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Commentary: India has a hidden COVID-19 crisis of food

With the pandemic inducing lockdowns and affecting migration patterns, food security is the unexpected collateral damage, says NUS’ Vani Swarupa Murali.

Commentary: India has a hidden COVID-19 crisis of food

Indian farmers sell vegetables at a wholesale vegetable market on the outskirts of Prayagraj, Uttar Pradesh, India, Thursday, June 3, 2021. (AP Photo/Rajesh Kumar Singh)

SINGAPORE: India’s second wave of COVID-19 has been brutal on its people.

During the first wave, images emerged of a mass exodus from the major cities with countless people walking – sometimes more than 700 kilometres – back to their villages, many not surviving the journey.

Now it is happening again. The pandemic has also seen increased mortality rates, loss of livelihoods and growing malnutrition.

While some studies have shown the effect of the pandemic on food security in terms of food shortages, rations and government public distribution schemes, not many have looked at the effect it has had on the producers and production of food.


The many quarantine regulations, social distancing rules, lockdowns and border controls have disrupted the supply chain of food and made food security a question mark for many, especially the poor.

Despite the Indian government’s promise to double farmers’ income by 2022, producers have faced one difficulty after another in the last few years.

In late 2018, amid a spike in farmer suicides, growers took to the streets to demand loan waivers and higher prices for their produce in an effort to tackle mounting debt.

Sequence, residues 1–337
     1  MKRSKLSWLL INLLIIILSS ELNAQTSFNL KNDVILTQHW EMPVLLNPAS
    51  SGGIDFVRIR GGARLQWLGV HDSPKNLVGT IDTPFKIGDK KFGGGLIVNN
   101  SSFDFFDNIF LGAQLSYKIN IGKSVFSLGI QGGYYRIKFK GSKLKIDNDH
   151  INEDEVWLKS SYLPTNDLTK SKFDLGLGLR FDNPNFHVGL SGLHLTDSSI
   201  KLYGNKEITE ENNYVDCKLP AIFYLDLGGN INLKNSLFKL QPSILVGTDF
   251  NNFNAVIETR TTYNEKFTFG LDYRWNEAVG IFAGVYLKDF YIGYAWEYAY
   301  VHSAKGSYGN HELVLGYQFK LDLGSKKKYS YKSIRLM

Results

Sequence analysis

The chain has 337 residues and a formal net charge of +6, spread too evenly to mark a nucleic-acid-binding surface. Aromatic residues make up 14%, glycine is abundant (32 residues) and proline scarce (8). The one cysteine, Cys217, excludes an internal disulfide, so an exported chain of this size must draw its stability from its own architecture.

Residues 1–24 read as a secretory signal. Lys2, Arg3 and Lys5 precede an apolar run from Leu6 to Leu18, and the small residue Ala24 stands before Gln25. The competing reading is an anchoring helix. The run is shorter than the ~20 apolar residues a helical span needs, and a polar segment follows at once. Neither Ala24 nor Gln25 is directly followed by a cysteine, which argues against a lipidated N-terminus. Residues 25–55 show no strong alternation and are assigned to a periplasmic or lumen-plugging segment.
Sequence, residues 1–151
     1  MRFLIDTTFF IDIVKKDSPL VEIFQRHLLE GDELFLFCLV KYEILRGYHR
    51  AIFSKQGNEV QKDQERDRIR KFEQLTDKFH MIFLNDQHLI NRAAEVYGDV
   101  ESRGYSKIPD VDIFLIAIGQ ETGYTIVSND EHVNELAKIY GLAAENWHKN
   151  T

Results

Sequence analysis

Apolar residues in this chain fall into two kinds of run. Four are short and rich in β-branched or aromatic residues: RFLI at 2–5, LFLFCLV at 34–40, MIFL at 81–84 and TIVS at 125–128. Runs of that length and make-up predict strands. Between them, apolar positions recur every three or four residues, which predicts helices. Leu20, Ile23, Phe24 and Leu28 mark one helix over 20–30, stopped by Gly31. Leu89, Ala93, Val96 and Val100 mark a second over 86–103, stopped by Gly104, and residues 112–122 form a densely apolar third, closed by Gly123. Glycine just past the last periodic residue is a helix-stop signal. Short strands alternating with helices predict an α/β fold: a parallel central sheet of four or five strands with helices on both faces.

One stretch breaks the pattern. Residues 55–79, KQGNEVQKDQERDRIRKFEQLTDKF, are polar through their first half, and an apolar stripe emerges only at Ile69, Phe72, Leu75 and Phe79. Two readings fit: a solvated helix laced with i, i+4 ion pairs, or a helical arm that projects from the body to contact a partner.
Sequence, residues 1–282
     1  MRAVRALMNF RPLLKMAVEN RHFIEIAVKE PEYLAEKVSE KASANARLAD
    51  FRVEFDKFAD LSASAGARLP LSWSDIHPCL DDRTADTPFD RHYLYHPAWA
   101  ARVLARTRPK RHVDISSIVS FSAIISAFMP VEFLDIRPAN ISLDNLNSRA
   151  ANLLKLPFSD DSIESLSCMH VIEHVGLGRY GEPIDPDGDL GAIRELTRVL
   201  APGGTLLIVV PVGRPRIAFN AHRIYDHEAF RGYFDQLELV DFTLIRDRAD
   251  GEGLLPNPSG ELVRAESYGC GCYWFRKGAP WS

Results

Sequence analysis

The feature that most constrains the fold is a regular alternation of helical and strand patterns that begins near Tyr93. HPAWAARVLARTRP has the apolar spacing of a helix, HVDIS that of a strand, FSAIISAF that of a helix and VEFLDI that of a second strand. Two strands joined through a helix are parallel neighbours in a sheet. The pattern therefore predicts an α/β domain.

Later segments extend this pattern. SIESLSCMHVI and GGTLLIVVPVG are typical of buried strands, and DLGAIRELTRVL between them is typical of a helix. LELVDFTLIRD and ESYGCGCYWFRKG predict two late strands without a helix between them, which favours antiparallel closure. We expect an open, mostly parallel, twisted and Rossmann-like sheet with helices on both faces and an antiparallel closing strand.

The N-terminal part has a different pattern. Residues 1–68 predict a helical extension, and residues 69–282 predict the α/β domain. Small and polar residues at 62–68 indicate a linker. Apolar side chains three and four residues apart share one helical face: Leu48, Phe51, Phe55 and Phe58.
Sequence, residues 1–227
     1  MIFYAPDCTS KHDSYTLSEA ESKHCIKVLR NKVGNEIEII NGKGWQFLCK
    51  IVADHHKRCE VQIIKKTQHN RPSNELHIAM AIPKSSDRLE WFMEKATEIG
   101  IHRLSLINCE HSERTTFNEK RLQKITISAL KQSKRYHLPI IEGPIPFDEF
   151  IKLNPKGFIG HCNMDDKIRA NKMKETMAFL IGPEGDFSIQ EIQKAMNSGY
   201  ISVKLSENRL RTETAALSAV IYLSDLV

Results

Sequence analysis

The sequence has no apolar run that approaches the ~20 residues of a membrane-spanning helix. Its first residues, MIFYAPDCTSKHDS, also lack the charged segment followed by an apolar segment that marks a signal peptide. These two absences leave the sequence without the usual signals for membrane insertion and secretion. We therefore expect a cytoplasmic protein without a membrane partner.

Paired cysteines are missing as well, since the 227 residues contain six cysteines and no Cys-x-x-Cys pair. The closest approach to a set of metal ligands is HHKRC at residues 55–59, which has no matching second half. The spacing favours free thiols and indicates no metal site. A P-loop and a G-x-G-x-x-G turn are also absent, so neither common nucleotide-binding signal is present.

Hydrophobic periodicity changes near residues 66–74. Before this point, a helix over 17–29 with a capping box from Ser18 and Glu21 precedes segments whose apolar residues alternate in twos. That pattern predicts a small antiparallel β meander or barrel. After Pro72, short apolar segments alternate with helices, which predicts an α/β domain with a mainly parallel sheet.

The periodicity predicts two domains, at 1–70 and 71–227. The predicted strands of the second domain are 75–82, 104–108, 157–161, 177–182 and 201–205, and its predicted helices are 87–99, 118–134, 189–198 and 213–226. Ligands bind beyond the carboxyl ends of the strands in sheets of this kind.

The plight of farmers is a major political issue in India with thousands committing suicide in recent years due to debt and increasingly erratic weather patterns blamed on climate change. (Photo: AFP/Sajjad HUSSAIN)

In 2020, with scope for record harvests in rice and wheat, farmers appeared optimistic about their year.

This optimism was quickly dampened when the Modi government introduced three new farm acts, which led to protests that continued into 2021.

Farmers congregated in Delhi, the national capital, to object to the takeover of the agricultural sector by big corporates – yet have little to show for their demonstrations.


Ever since the first lockdown in India, producers have faced serious difficulties in maintaining their livelihoods.

A study conducted in May 2020 among almost 1500 farmers revealed that of the 11 per cent who did not harvest their crop, 24 per cent cited lockdown-related reasons.

Of the 63 per cent of farmers who were able to harvest in the month prior to the survey, 39 per cent had stored their crop, with half citing lockdown issues as the reason.

Another survey reported that 15 per cent of farmers were unable to sell their harvest due to lockdowns.


These issues are, in part, the result of one of the first consequences of the pandemic: The change in migration patterns.

Migrant laborers from other states awaiting to be hired for the day gather on a street during a lockdown to curb the spread of coronavirus on the outskirts of Jammu, India, Monday, May 31, 2021. (AP Photo/Channi Anand)

As migrant workers lost their jobs in the cities and returned to their villages, families faced the added pressure of having more mouths to feed.

Most migrants were quick to enter the local labour force as a way to contribute to their family’s income.